Potent offense harkens back to 2005 unit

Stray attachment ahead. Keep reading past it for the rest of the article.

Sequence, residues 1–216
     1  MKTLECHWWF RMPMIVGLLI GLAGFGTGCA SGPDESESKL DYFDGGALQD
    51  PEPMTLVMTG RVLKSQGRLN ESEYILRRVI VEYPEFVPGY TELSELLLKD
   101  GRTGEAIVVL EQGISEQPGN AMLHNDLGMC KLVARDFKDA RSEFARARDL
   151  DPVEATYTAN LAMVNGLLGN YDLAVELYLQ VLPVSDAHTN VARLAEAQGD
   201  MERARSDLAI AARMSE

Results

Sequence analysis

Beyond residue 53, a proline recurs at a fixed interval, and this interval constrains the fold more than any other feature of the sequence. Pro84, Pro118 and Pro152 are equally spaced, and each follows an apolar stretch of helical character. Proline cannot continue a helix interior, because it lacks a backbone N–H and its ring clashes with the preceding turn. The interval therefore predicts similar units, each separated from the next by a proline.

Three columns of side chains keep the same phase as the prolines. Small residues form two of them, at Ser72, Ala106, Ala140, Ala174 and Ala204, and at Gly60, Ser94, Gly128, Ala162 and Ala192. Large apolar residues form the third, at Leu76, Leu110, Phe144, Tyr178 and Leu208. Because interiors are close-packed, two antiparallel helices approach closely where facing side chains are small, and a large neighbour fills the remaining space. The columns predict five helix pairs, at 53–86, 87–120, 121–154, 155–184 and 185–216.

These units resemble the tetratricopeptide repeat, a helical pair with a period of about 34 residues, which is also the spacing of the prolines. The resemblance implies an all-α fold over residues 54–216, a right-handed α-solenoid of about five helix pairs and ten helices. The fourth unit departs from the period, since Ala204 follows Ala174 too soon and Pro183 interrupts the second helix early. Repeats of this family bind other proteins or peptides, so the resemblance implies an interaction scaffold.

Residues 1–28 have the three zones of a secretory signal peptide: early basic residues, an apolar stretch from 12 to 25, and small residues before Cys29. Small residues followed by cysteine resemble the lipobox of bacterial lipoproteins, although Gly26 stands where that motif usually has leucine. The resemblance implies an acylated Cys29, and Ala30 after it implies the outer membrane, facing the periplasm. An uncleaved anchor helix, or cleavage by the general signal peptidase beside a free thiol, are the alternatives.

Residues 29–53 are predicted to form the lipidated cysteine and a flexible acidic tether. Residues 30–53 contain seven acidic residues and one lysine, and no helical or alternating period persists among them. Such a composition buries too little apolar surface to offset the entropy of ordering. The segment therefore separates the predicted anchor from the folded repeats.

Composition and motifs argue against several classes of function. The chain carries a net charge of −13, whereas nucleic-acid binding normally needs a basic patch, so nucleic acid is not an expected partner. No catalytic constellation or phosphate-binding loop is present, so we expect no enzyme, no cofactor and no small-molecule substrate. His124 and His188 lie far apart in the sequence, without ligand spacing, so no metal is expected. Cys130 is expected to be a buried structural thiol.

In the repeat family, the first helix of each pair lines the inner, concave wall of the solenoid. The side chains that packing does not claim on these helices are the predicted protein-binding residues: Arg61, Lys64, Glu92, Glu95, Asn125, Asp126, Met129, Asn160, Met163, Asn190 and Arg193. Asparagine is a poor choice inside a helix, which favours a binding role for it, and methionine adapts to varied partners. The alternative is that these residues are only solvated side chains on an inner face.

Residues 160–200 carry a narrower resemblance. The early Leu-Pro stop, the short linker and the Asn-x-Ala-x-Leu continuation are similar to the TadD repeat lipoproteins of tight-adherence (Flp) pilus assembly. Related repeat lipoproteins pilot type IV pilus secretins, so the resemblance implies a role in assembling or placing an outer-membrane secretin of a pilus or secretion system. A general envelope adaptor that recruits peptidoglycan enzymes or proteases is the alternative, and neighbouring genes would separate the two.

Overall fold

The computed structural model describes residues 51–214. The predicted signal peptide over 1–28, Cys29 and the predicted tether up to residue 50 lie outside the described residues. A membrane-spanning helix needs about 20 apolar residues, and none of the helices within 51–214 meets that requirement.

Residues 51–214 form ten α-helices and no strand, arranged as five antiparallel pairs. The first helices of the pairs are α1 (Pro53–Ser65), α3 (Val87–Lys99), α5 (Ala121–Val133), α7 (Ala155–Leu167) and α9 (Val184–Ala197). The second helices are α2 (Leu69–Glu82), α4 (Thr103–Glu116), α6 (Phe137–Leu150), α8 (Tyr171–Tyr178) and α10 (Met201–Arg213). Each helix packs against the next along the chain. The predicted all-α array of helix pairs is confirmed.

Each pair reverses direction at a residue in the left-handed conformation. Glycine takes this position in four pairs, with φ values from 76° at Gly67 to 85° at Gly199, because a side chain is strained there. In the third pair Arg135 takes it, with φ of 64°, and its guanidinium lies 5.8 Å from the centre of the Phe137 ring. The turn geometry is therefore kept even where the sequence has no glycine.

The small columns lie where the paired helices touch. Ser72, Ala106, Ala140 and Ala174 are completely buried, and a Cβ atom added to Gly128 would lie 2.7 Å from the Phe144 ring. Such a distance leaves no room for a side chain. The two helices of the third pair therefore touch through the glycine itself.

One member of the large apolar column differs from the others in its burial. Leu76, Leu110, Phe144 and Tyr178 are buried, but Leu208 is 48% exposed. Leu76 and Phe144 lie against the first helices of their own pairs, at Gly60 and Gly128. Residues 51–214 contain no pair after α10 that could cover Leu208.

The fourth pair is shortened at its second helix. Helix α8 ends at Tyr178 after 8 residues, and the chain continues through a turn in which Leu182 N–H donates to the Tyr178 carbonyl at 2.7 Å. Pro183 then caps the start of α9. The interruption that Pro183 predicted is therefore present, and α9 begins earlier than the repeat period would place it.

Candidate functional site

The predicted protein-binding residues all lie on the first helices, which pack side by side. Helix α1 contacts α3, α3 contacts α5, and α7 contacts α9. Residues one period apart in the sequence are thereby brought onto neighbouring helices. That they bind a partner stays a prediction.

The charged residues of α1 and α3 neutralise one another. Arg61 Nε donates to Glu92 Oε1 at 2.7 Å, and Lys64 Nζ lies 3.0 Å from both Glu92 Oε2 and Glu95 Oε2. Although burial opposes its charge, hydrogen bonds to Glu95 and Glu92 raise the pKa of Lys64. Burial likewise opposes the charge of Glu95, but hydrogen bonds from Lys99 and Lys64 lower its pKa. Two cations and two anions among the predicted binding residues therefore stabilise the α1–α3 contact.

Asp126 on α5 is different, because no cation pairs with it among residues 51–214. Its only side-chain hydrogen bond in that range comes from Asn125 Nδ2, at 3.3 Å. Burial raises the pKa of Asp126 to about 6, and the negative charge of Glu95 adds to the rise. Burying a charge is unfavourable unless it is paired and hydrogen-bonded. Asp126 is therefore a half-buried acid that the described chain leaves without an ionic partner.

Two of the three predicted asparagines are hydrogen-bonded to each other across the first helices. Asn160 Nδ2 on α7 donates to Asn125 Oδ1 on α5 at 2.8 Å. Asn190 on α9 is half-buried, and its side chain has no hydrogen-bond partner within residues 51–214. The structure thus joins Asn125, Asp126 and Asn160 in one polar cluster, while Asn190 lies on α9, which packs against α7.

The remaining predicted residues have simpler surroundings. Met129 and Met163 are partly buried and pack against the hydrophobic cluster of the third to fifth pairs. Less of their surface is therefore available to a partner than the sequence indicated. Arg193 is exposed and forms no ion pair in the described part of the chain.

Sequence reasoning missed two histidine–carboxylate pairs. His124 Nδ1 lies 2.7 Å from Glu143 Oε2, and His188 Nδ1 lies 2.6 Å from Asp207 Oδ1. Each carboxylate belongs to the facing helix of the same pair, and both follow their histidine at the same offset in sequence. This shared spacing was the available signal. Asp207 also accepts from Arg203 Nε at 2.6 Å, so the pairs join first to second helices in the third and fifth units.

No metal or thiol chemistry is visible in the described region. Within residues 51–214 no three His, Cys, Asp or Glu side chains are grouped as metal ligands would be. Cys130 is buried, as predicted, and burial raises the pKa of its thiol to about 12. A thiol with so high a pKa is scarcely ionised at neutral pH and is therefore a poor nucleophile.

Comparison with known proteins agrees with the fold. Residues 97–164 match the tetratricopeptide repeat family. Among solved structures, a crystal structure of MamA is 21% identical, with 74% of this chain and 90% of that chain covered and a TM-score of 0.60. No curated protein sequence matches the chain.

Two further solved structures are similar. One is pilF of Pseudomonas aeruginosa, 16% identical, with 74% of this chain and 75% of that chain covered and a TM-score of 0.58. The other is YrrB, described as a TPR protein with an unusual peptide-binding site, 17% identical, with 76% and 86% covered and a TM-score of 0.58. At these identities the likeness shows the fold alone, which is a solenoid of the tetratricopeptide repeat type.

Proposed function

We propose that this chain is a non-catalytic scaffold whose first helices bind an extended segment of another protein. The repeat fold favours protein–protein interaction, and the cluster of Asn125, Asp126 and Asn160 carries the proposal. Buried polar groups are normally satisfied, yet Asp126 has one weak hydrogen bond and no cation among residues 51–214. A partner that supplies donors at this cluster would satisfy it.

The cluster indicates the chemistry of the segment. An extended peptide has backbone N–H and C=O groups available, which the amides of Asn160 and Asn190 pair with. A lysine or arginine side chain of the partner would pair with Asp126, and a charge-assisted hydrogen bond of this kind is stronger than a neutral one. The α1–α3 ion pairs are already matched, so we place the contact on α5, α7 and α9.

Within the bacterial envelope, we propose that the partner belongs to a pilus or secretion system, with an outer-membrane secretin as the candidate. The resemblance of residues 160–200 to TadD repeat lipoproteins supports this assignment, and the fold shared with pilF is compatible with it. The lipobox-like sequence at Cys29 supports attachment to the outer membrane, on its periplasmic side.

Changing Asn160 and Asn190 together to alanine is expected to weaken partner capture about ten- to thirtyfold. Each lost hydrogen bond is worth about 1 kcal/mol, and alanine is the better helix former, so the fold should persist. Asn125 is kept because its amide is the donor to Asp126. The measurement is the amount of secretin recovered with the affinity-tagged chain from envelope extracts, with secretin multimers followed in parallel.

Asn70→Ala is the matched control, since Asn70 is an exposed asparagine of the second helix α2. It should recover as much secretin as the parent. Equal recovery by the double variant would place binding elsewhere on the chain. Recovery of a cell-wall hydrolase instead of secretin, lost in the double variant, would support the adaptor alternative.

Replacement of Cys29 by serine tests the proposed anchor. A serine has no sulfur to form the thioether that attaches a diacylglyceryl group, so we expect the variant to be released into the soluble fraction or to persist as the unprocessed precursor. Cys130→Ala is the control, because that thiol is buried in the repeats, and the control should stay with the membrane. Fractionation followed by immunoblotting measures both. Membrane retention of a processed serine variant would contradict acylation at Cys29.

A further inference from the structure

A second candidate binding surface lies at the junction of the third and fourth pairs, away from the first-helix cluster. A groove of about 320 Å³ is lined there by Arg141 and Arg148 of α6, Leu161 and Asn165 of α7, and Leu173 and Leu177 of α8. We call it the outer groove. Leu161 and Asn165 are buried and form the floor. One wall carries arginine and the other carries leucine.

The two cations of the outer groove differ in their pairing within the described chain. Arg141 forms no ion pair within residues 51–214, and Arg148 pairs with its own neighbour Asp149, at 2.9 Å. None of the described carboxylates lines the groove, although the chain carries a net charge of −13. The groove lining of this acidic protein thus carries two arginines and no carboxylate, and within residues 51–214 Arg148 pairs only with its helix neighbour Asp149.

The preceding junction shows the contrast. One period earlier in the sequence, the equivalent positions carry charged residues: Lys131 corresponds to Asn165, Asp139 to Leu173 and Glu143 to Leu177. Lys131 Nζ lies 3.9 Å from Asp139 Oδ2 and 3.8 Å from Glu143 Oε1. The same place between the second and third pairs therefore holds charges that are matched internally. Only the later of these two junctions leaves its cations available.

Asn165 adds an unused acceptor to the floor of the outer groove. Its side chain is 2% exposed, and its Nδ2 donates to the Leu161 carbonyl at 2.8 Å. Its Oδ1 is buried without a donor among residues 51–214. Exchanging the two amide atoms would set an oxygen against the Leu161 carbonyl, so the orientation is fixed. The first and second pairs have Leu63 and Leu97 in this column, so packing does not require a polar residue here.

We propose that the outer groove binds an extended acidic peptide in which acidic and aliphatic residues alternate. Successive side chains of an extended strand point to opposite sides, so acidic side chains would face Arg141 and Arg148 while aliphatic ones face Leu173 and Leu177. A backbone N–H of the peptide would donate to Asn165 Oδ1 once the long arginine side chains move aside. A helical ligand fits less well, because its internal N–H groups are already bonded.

first_imgUSC had what many pundits consider the best offense in the history of college football in 2005. There were two Heisman Trophy winners in the backfield and a pair of dynamic wide receivers. Two tailbacks ran for more than 1,300 yards apiece. The offensive line was experienced and the offensive attack was as balanced as it was prolific. That team averaged nearly 50 points per game. Even the week before the 2006 BCS national title game, ESPN ran a weeklong series comparing the Trojans’ offensive unit to some of the best in the history of the sport.Man in charge · Senior quarterback Matt Barkley returns to lead an offense that averaged 35.8 points per game in 2011. Barkley threw a conference record 39 touchdowns and completed 69.1 percent of his passes. – Carlo Acenas | Daily TrojanFast forward to 2012, and the expectation for many around Los Angeles is this: USC might have as good an offense, if not better, than what fans saw seven seasons ago.Leading the USC offense will be its aerial assault, and the leader of that charge will be senior quarterback Matt Barkley. Last year, Barkley had one of the best seasons in conference history, throwing for 3,528 yards and 39 touchdown passes against seven interceptions. He set a school single season record for completion percentage at 69.1 percent.Though Barkley’s success is largely because of his own ability, the overall success of the passing game will depend on his receivers: junior Robert Woods and sophomore Marqise Lee. While Lee is at full strength, Woods has a lingering ankle injury that has limited his practice time and forced him to sit out for all of spring practice.Woods set a conference record for catches in 2011 with 111, totaling 1,292 yards and 15 touchdowns, being named a first team All-American in the process. Woods’ high school teammate Lee had 1,143 yards and 11 touchdowns during his freshman season.But if Woods is not healthy, the situation behind the two Biletnikoff Award candidates is rather murky. With no established third receiver, several young players will be competing for playing time, including sophomore George Farmer and incoming freshman Nelson Agholor.“He’s constantly banged up,” Woods said of Farmer, who was the top receiver recruit in the country coming out of high school.If healthy, though, Woods believes Farmer can play a key role for the Trojans.The other question mark for the passing game is the left tackle position. Gone is All-American Matt Kalil, who was the No. 4 pick in the 2012 NFL Draft. Taking his place will be sophomore Aundrey Walker, standing at 6-foot-6 and weighing 300 pounds who is slated to start at left tackle and to protect Barkley’s blind side. He has lost roughly 70 pounds since last season and is preparing himself for the rigors of the left side and of replacing a star.“Everything’s been good,” Walker said. “Practice, the last practice has been great. Just losing the weight, I feel great. I don’t know what it is, but when I was 360 [pounds], it really didn’t work; I was too slow off the ball.”This is no longer a problem, though, and Walker is excited for the possibilities. He is confident that the offense is right on track and sees a lot of potential with the group.“[The] offense is doing pretty good. We got a great group of guys [starting],” Walker said. “[There is] a lot of chemistry throughout the whole team.”The passing game was an obvious strength last season, as the Trojans averaged more than 294 yards per game, good for 15th in the country.For the 2012 Trojans to reach the heights of the 2005 team, however, the running game will have to hold up its end of the deal and must complement the passing game.Last season, the Trojans ran for 162.6 yards per game, which ranked near the middle of the pack in the college football world. Returning is senior tailback Curtis McNeal, who ran for 1,005 yards. Joining him is Penn State transfer Silas Redd.McNeal said he expects this offensive unit to put up some big numbers this season.“It could be really good,” McNeal said. “We just got to go out there everyday and get our game plan that the coaches make for us, and we just got to make plays.”He knows that the running back competition is going to make for a better unit overall.“It’s been good,” McNeal said. “All the running backs, we’re just out here competing, making each other better … and just providing the best running game that we can for the team.”McNeal believes that the work the team put in during the offseason is going to make this edition of the Trojans better than the one fans saw last year, perhaps making the comparisons to the Leinart-led Trojans not too far off.“A lot of players have just stepped up, basically the whole team just stepped up and we worked our butts off in the offseason so we can perform at our peak every game,” McNeal said. “That’s the attitude that we have, and we’re pushing it everyday.”last_img read more